Last year it was old school ambient archiving and this year it was old skool and underground hip hop records,  lps that were “slept on” if I’ve got my parlance – as cribbed from countless Youtube comments – correct, from the likes of MF DOOMEdanMasters Of Illusion and cLOUDDEAD. (Plus there was the sneaky bonus find of NAS‘s classic  Illmatic for 33p in a Partick charity shop!). Typing of clouds, there was plenty of aural bounty to be found on (Bandcamp via) Soundcloud, with the likes of (Scotland’s very own) Boobs of Doom and Fordell Research Unit as well as The Pink ElephantsVintage CucumberNatural Magic and Ma Holo providing somewhat more eclectic musical forays. Check ’em out….

Nice to see Love‘s Forever Changes and John Martyn‘s London Conversation clock up their respective half centuries while The Orb‘s majestic Blue RoomUFOrb and Assassin releases hit twenty five years young (and still, to this day, sound like the future we were promised but that was never realised). Hopefully this year we’ll get to blogging about the sheer majesty of The Orb, something I didn’t quite promise but equally never actually realised in 2017. Then again, maybe it was the sheer heartbreak of seeing them taking a straw to clumsily bludgeon Adventures Beyond The Ultraworld and Chill Out at their 25th anniversary show in 2016 that finally broke this loyal camel’s back….

The world of books belonged to Philip K. Dick, or course, with Galactic Pot Healer and Dr. Bloodmoney really hitting the spot (in several realities, I’m sure) this year. Though it was a shame that Channel 4’s much touted Electric Dreams fell way short of the mark. Not only did Black Mirror trounce it on all fronts, but seeing PKD‘s work stuck in sub-Blade Runner visuals and acted out in part with British accents – from his books the characters scream America, the settings all Californian sunshine and shabby denim – just felt completely off. Add to that the simple fact that his work just doesn’t really translate to film or television. Like J.G. Ballard – whose High-Rise was given a sort of “Carry On Up The Elevator Shaft!” adaptation in 2015 – it’s all about the canny exploration of the “inner space”. Still, bonus points for casting Steve Buscemi, probably the most PKD actor of all time, in one episode. But for sheer quality of writing it was hard to see past Something Wicked This Way Comes and Ray Bradbury‘s tight, highly evocative prose – if you’re lucky enough to read a modern edition there is an excellent afterword that is by turns inspiring, illuminating, electrifying and chilling….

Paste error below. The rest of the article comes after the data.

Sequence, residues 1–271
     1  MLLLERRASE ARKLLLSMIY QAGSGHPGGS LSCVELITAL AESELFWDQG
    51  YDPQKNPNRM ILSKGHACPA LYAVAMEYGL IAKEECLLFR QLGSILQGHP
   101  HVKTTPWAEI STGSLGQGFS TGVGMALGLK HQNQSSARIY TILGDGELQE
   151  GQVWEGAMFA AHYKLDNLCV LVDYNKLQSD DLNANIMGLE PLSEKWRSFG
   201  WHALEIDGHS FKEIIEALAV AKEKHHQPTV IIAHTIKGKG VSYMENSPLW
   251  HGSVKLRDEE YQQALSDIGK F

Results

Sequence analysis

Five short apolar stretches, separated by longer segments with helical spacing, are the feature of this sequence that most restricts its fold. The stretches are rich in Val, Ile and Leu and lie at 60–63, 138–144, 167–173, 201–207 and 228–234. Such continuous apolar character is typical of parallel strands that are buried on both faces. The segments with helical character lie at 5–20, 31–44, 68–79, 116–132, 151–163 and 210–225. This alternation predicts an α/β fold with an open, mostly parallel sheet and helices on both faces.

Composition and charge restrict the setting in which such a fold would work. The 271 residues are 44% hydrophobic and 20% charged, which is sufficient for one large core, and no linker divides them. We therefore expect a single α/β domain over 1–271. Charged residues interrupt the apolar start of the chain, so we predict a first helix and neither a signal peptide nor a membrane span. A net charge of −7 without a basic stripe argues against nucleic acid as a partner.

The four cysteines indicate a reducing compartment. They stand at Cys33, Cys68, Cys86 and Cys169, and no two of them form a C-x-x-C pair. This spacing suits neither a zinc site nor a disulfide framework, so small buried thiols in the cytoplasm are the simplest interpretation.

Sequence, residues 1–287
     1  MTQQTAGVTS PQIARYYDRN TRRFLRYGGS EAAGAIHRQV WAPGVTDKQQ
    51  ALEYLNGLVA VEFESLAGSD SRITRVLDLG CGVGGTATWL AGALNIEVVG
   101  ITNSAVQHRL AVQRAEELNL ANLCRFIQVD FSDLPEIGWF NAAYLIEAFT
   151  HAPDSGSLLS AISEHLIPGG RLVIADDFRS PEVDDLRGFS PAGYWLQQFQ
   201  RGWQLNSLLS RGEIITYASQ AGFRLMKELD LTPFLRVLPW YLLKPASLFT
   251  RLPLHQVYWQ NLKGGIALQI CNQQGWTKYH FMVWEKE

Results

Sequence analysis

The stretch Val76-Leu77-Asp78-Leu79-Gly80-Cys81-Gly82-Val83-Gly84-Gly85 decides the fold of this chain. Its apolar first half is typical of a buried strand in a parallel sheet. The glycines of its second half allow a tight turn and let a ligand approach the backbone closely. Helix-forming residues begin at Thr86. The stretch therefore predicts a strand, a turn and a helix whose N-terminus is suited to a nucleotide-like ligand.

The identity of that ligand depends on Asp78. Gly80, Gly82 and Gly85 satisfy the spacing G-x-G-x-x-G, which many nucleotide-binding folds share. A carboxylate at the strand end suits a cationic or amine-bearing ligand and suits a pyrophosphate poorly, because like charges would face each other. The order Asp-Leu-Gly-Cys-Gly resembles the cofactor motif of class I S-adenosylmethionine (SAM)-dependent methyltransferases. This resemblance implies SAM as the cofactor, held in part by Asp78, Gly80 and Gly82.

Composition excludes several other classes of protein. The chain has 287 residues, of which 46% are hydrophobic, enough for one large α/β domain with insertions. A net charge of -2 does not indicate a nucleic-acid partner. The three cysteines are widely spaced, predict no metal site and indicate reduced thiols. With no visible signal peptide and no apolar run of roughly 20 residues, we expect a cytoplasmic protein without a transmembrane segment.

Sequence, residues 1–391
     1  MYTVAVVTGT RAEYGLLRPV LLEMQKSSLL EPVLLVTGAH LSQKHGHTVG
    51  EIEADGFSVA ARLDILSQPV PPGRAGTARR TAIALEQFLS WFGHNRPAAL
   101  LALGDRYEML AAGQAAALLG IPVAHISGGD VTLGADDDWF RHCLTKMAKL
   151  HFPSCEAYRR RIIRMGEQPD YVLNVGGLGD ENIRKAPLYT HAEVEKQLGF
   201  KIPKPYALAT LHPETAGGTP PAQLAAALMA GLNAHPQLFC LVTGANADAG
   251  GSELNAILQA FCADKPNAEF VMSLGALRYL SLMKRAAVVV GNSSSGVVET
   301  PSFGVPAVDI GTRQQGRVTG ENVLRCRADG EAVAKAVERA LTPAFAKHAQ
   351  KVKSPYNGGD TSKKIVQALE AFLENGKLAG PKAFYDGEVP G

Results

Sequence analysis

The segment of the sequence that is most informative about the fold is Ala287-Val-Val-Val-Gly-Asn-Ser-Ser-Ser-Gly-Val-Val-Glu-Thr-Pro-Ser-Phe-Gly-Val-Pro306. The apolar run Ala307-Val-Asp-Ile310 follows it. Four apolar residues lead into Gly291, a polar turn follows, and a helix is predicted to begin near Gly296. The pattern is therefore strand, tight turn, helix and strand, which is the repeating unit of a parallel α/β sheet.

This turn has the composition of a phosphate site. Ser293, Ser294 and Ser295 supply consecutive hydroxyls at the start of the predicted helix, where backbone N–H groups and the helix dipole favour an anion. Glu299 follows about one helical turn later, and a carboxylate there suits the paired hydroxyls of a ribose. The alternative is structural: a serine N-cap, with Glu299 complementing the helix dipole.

The world of comics (as ever) belonged to Frank Quitely, but especially in 2017 what with his epic, career-spanning and jaw-dropping exhibition at Glasgow’s Kelvingrove Art Gallery. The opening night was a joy, comic creators from right across the spectrum turning out to see ‘the local boy done good’. Perfect timing too, considering Agent Rob was beginning to regard his singular, immense talent akin to wallpaper, having stared at page after page of Jupiter’s Legacy for hour after hour – finally here was chance to look at the work afresh (and be knocked out by his craft all over again)! At least it made this List, ahem….

Coming a very close second to King Quitely is Goran “Grand Master” Parlov, who returned on art duties with Punisher: The Platoon. His simple, Euro-stylings combined with a mastery of composition and ink tones makes it all look oh so easy. This guy could draw Punisher: The Phonebook and I’d still be queuing round the block for a copy! I haven’t been this tempted to pick up a pen and draw a comic since John Romita Jr‘s work on the original Kick-Ass….

Of course, by far the greatest thing we saw and heard and witnessed all year was when Mark Szaszy decided to share the video for Pusherman‘s 1996 single Chase It. There’s only a select few who gave these excellent 90’s heavy rockers a chance – think catchy Oasis-esque songs with Northern Soul-era Verve sonics, but harder and heavier than that pair combined – but they are far and away the great lost band of their day. This footage is absolute gold! These lads meant it, mannnn….